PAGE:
Study looks at potential of buyback in Bristol Bay

Study looks at potential of buyback in Bristol Bay

The Bristol Bay salmon fishery is one step closer to a potential buyback program with the release of a report by Northern Economics, commissioned by the Bristol Bay Regional Seafood Development Association, exploring various possible scenarios and structures of a buyback.

The study is in response to a survey sent out a year ago in which 81 percent of permit holders who sent it back said they would be interested in further information.

While the report looks at the possible design and economic outcomes of a permit buyback, it does not address the socio-economic information necessary to fully evaluate the potential outcomes and impacts of a buyback program in the Bristol Bay drift fishery.

What it does do is give fishermen the tools they need to decide if the idea warrants collecting that information.

After members review and analyze the report, BBRSDA will survey them about proceeding.

There are 1,866 drift permits in Bristol Bay, and the latest analysis from the Commercial Fisheries Entry Commission places the optimal number at somewhere between 800 and 1,400.

However, not all the permits are active.

According to the report, about 80 percent of the permits have been active since the mid-2000s.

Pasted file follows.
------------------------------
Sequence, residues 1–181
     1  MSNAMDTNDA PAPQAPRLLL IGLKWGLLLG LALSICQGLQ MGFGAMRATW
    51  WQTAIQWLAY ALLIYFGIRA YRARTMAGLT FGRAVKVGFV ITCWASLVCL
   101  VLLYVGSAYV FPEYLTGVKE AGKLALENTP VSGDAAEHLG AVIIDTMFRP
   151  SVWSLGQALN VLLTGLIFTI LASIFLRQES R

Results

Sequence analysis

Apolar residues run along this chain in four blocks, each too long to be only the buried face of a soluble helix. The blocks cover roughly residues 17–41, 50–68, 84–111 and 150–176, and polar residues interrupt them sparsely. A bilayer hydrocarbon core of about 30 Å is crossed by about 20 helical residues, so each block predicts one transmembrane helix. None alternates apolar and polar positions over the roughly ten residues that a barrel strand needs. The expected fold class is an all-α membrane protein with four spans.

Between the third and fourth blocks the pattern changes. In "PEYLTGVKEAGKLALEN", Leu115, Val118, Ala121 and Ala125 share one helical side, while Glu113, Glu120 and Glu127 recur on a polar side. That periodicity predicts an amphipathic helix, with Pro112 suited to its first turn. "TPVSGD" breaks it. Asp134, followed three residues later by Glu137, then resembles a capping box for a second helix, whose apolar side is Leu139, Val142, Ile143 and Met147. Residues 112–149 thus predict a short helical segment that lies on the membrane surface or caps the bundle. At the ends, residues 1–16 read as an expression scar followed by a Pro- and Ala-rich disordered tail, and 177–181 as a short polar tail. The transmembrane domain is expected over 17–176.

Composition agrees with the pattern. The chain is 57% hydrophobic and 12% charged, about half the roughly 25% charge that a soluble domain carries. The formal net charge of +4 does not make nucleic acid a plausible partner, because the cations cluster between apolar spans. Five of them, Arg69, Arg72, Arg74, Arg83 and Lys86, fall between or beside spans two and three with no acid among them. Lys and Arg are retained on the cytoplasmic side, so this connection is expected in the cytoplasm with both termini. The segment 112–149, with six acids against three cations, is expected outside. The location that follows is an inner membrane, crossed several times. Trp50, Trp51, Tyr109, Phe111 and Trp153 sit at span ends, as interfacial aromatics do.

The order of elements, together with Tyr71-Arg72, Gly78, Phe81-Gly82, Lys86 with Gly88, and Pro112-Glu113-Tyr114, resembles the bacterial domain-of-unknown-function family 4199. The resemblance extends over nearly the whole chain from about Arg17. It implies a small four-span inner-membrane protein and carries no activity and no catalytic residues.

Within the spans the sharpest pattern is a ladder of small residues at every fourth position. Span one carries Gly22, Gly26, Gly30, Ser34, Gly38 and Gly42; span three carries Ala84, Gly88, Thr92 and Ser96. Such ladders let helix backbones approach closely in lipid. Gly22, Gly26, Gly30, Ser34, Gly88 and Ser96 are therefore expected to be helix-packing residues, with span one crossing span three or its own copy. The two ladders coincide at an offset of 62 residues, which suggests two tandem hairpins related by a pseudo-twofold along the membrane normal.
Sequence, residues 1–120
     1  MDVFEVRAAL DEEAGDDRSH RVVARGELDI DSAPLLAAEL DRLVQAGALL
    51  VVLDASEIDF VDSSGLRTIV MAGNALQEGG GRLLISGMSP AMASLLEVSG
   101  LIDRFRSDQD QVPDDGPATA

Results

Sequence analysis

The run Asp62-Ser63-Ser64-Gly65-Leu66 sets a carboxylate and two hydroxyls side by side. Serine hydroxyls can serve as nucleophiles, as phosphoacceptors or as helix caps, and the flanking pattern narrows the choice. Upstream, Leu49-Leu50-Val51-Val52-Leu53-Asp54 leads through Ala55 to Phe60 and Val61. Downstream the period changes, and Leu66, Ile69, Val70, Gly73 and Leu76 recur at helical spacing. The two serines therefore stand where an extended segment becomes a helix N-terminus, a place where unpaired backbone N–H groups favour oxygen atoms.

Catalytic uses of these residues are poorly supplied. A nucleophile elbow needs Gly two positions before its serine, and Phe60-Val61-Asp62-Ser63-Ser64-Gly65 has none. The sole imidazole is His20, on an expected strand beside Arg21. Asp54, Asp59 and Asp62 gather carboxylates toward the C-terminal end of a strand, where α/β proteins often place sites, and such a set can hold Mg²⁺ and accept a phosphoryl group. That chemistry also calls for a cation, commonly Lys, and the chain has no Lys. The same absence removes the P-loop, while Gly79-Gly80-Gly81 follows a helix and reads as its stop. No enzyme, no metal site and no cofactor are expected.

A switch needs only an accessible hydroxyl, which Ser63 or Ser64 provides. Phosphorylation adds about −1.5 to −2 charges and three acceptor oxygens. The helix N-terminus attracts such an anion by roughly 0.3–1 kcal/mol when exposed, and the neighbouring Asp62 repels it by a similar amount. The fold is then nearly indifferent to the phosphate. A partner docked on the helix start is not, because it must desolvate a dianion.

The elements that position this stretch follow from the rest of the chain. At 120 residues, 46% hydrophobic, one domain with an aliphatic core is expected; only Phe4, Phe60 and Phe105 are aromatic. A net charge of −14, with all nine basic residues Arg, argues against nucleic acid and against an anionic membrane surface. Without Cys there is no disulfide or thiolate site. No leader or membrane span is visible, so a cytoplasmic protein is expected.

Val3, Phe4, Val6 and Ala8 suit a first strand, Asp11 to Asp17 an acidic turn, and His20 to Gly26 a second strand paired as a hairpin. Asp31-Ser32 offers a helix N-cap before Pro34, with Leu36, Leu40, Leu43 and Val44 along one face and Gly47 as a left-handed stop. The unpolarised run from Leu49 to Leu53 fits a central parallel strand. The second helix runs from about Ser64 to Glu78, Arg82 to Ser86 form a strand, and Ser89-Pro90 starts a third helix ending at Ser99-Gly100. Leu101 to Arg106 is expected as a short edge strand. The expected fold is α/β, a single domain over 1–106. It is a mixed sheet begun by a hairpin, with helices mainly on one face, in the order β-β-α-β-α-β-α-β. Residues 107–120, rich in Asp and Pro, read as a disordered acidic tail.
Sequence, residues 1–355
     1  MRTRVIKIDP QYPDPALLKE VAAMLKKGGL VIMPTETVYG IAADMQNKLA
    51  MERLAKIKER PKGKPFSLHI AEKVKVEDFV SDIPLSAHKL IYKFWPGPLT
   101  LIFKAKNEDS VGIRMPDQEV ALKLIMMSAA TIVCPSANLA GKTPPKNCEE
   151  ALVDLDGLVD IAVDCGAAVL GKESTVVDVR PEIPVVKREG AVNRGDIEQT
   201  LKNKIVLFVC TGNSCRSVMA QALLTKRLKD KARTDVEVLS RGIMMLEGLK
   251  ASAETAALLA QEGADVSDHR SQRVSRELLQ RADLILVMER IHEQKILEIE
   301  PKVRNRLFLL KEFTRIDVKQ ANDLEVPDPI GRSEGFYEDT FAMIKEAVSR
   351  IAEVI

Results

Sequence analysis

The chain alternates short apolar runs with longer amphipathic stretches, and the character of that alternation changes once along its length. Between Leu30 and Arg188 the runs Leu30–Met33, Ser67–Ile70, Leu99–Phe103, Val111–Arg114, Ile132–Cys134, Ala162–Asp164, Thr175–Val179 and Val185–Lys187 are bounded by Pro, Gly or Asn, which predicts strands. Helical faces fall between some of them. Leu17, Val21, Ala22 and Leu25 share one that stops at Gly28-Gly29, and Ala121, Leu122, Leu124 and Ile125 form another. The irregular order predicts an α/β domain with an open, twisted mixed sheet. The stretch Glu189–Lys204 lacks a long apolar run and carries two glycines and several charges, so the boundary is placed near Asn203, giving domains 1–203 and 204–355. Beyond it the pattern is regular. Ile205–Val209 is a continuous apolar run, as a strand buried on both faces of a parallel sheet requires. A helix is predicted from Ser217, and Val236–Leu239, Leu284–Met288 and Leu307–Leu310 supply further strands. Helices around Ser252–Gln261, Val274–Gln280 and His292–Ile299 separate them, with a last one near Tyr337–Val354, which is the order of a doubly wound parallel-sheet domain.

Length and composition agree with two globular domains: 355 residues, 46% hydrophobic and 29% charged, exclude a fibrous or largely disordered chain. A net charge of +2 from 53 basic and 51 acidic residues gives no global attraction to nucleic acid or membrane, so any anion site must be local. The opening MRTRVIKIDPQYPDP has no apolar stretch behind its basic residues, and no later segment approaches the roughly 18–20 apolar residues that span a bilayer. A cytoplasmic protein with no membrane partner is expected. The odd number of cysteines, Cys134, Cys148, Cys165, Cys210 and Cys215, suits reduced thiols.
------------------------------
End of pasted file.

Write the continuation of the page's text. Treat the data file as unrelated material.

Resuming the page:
The problem is that buyback programs tend to scoop up latent permits, which does nothing to reduce fleet size.

The report states that it is important to note that although it would be legally difficult to bar outright certain permit holders from participating in a buyback program based on their residency, level of fishing activity or some other factor, it is possible to design a buyback so as to favor the removal of permits with particular characteristics. 

The trick is to add program design elements, such as bid ranking systems, that make certain permits more likely to be removed from the fishery than others.

Other hurdles include the Alaska Constitution, which forbids creating an “exclusive” fishery, funding and the fact that there has never been a CFEC-administered buyback, so the regulatory framework is uncertain.

The Limited Entry Act allows for a voluntary buyback if it meets certain criteria, which are laid out in the report.

The BBRSDA will hold a panel discussion on the buyback at Pacific Marine Expo in Seattle on Nov. 20. They would like to hear member comments before then at input@bbrsda.com. Find the report at www.bbrsda.com.

Cristy Fry can be reached at realist468@gmail.com.

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